For many years I wasn’t taking the best care of myself and decided to do something about it. It hasn’t always been straightforward, but the rewards are too great for my meager words to explain. It’s a continuing and iterative process that has me intrigued, excited, and looking forward to the future. I owe my father a huge thanks here, as it was he who introduced me to running over 20 years ago. He then pursued among other things, road running, hiking, backpacking, and overall the outdoors. I soon followed suit. I began road racing around ten years old and continued to do so for over 5 years. Other recreation took the place of running soon after I ran my first half-marathon accompanied by none other than my Dad. It’s been a while since then but now I’m back at it and loving the pursuit. So, thanks Dad for the early intro!
“The times…”, as Dylan so poetically coined. In all, this was a fairly eventful year in my life – one that I wouldn’t trade for a thing. I couldn’t have done it without the help, love, and support of many fine folks along the way. Friends, family, and strangers alike – I’m thankful for you all and immensely grateful for yet another trip around the sun. Thanks 2014, and welcome 2015. Here we come.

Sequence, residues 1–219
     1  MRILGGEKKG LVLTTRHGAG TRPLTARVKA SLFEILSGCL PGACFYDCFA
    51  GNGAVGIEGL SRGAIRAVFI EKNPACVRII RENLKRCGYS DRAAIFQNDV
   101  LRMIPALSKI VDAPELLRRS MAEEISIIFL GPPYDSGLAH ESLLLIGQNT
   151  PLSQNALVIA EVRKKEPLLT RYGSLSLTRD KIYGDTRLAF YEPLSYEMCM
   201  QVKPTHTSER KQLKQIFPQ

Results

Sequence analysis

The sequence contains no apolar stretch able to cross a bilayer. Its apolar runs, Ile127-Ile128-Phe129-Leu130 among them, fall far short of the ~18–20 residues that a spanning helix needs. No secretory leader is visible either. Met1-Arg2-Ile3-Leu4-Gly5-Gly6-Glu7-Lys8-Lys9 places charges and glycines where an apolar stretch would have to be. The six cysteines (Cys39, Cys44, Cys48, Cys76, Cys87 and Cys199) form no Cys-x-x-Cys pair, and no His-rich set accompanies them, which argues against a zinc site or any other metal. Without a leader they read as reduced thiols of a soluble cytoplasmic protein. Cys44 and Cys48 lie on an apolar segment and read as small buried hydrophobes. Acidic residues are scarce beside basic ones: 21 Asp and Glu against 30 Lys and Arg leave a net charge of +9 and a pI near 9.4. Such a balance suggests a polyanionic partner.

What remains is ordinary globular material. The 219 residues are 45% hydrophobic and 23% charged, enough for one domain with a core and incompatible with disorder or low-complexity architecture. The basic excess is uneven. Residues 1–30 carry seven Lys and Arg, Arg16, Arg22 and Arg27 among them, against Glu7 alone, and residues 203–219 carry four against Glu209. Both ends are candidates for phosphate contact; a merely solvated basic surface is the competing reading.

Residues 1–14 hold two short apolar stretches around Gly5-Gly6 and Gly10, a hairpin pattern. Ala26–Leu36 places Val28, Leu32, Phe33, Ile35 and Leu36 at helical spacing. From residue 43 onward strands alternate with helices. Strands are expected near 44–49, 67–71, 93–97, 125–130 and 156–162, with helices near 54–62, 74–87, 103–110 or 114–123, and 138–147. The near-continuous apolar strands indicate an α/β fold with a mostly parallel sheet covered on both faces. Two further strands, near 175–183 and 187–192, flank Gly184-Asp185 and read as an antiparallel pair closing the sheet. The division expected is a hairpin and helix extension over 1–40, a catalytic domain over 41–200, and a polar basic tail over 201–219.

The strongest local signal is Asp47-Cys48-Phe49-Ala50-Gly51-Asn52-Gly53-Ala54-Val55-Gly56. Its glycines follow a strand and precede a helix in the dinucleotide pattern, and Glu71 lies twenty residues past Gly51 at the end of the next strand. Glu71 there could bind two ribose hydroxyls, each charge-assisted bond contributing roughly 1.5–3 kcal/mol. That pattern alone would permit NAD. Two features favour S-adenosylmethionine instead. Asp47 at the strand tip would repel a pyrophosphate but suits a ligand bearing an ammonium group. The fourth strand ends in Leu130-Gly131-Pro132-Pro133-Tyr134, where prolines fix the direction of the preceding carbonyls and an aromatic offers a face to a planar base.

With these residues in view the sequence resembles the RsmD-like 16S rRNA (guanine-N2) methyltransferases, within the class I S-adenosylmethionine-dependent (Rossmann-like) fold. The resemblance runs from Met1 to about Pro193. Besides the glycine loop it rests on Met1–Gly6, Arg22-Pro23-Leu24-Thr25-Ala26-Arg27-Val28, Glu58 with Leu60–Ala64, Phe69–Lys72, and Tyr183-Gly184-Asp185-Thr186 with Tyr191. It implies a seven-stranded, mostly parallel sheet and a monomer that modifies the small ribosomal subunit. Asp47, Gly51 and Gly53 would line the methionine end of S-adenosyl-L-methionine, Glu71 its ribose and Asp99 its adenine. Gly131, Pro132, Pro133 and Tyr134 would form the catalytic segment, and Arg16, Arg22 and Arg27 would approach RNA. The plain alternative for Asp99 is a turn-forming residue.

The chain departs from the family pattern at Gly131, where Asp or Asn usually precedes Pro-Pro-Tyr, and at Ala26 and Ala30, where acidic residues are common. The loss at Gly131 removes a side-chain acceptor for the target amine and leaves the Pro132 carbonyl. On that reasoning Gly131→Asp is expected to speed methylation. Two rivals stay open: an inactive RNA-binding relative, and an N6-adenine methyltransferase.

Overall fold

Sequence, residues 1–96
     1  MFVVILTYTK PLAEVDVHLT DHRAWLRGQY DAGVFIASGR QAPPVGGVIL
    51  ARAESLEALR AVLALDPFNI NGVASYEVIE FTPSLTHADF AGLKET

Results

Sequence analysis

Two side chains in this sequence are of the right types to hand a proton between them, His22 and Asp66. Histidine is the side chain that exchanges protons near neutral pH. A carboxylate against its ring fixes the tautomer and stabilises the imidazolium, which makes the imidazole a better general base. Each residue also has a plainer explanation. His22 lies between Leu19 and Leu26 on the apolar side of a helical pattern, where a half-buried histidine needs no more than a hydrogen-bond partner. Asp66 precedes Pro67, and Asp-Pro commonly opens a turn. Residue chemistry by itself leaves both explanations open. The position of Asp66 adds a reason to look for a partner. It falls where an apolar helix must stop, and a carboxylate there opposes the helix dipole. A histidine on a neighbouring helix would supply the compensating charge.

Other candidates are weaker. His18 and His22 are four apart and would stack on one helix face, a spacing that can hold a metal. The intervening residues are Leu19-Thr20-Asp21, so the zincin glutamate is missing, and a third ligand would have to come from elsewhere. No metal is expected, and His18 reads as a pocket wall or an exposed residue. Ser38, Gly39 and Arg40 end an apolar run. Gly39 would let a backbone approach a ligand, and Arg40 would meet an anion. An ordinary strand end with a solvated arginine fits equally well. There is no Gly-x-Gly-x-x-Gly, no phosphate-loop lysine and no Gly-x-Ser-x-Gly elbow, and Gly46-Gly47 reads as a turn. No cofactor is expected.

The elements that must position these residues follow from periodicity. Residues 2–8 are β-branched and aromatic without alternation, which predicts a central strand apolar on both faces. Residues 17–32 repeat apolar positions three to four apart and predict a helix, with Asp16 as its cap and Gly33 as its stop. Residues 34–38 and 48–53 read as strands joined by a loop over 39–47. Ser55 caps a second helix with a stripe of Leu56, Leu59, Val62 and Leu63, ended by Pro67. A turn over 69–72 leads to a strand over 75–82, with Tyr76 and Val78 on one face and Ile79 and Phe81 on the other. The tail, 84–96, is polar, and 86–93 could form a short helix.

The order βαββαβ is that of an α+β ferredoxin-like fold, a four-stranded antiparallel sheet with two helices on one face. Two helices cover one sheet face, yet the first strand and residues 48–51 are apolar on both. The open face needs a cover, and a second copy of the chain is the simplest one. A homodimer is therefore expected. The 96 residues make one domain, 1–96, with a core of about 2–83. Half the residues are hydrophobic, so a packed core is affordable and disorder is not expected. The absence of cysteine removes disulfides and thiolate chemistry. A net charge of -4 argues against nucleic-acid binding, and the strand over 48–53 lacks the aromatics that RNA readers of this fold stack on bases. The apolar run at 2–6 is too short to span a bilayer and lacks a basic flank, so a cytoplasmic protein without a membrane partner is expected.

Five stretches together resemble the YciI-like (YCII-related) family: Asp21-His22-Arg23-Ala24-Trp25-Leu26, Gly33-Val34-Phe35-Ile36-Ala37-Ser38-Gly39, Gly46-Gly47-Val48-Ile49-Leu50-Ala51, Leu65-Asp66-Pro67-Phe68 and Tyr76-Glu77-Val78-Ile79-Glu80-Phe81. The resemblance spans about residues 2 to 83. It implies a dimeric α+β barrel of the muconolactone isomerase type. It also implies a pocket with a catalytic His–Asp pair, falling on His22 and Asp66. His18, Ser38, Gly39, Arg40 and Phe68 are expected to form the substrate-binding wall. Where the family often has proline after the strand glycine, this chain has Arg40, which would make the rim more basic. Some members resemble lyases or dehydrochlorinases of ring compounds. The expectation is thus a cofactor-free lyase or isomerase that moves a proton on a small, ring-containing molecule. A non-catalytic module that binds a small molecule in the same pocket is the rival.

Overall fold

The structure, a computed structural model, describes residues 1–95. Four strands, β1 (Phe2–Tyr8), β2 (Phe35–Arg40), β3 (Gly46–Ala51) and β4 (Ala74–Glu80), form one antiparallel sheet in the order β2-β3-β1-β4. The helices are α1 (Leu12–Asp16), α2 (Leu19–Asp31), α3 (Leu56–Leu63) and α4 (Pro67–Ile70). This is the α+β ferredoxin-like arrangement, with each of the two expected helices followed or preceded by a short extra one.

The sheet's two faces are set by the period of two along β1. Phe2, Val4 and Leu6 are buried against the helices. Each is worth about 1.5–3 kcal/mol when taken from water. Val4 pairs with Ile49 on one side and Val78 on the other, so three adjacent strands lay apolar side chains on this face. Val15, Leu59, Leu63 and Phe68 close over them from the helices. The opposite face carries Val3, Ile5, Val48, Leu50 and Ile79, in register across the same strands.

It’s now been two weeks since I participated in The Rut 50K and I am still very much enthusiastic about the whole event. If you are into mountain ultra running then this race comes highly suggested. All three races (VK, 12K, 50K) drew a total of over 1000 runners from all over the globe. Even a mountain running showdown of sorts between Kilian Jornet and Sage Canaday for the Ultra Skymarathon Series title took place with Kilian eventually taking the win with a stout 5:09:31 in the 50K. A gnarly time on a significantly challenging course. A bunch of elite international athletes competed and added to the already deep field of local and regional talent. The overall feel was one of a big, and well-organized event.